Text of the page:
4. How Can the Arts Encourage Rich Dialogue and Problem Solving?

The arts can provide a platform for students to engage in difficult conversations around political and moral issues.

Provoking Thought, Discussion and Research – an example from California State University, Long Beach

Banned, Blacklisted and Boycotted: Censorship and the Response to It (The B-Word Project) was an 18-month campus-wide initiative, running from September 2011 through December 2012, at California State University, Long Beach. It presented performances and other activities to stimulate wide-ranging discussions that examine what happens when a voice—whether in artistic endeavors, journalism, scientific research or other areas—is stifled through governmental, commercial, or social restraints. The goal of the project is to provoke thought, discussion and research into the effects of censorship across all disciplines at Cal State Long Beach.

Learn more about the The B-Word Project ›

Tapping Into Community Needs – Class Divide, an example from Dartmouth University

Class Divide

Dartmouth University’s Hopkins Center’s three-year Class Divide project was conceived as a cross-campus / community programming initiative intended to raise awareness and spark discussion about socio-economic difference in communities throughout the Upper Valley region of New Hampshire and Vermont. Through a series of events, performances and residencies, the Hop aimed to both heighten their campus and community visibility, and to deepen their role in the higher education community at Dartmouth College. The Class Divide project began one-year prior to receipt of two-years of funding from the Creative Campus Innovations grant program.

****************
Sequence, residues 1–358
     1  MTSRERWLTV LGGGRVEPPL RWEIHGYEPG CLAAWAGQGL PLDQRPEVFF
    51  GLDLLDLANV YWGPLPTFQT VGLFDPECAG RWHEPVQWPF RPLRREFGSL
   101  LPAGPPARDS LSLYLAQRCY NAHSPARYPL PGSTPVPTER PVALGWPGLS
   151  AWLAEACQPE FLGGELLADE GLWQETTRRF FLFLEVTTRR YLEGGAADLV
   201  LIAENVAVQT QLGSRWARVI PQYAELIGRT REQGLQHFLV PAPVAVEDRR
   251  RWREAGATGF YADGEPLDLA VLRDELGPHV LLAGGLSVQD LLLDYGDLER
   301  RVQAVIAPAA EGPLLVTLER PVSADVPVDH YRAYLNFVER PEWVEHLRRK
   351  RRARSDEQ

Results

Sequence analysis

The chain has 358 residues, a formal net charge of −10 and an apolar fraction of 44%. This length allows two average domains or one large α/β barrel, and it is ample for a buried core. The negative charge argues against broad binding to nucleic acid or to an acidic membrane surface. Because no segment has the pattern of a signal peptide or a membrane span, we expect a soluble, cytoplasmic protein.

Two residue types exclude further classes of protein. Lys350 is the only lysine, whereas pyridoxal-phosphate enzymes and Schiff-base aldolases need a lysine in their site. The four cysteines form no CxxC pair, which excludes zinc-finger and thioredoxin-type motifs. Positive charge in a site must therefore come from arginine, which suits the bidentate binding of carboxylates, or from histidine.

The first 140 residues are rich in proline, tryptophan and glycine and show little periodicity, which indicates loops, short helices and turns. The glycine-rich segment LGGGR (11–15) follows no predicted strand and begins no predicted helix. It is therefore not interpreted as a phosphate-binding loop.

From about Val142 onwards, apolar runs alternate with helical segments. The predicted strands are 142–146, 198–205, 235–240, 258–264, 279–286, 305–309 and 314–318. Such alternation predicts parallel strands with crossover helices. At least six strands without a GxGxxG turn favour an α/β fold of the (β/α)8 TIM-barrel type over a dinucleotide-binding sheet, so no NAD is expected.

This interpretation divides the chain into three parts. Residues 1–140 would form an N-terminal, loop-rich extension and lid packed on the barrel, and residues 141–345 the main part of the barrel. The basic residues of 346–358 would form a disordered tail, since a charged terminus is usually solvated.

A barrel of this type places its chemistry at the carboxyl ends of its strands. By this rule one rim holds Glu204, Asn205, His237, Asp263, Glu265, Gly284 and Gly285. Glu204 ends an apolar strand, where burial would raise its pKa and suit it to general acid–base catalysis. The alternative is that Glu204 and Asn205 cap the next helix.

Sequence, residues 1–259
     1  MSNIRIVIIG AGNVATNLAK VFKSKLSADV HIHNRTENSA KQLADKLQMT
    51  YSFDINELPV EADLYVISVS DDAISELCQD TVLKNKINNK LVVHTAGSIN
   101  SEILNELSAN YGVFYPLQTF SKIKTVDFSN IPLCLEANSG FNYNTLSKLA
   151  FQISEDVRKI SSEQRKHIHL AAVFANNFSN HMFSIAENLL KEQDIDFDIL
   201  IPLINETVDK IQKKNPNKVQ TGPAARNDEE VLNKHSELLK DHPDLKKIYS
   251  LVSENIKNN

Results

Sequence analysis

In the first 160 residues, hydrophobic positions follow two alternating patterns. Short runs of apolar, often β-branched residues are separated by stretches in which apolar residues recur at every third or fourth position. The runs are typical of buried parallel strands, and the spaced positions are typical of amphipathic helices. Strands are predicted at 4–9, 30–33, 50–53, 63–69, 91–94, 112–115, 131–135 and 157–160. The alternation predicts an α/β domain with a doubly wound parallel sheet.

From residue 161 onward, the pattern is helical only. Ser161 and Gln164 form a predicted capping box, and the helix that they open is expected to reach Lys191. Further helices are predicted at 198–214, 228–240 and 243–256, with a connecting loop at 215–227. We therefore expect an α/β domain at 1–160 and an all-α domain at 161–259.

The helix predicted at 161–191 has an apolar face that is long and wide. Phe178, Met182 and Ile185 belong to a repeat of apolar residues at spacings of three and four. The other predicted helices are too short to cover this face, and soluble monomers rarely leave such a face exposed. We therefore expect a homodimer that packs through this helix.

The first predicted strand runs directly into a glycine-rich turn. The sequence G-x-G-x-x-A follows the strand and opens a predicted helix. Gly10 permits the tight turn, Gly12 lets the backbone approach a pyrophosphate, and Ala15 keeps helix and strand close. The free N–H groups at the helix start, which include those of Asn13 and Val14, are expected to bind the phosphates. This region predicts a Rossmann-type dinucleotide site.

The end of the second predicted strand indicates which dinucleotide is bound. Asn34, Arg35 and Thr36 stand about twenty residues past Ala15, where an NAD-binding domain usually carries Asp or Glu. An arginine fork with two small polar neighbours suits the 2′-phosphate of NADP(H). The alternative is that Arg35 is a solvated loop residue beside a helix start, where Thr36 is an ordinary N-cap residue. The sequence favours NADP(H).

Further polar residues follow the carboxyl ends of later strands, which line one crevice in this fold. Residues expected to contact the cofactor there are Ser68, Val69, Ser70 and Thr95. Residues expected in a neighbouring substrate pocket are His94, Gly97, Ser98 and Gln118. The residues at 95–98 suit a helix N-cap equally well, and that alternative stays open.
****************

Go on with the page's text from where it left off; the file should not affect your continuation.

Margaret Lawrence, Director of Programming, director Peter Sellars, faculty and students reflect on the Class Divide program:

Margaret Lawrence, Director of Programming, director Peter Sellars, faculty and students reflect on the Class Divide program.

Class discussion and analysis of educational impact:

Class discussion and analysis of educational impact.

Learn more about the program at Dartmouth College ›

Reviewing Three Interdisciplinary Approaches

In the 2010 evaluation report of the Creative Campus Innovations Grant Program, Alan Brown, Laura Mandeles and Jennifer Novak-Leonard indicate that the Creative Campus grants succeeded in stimulating the development of new models for arts-based interdisciplinary exchange initiated by campus-based presenters. While some of the models studied build on conventional practice (e.g. artist residencies), they are distinguished by their interdisciplinary nature and by the approaches used to conceive them. They observed three primary approaches:

  • Artist Focus
  • Thematic/Topical Focus
  • Stakeholder or Partner Focus

Read the summary of findings ›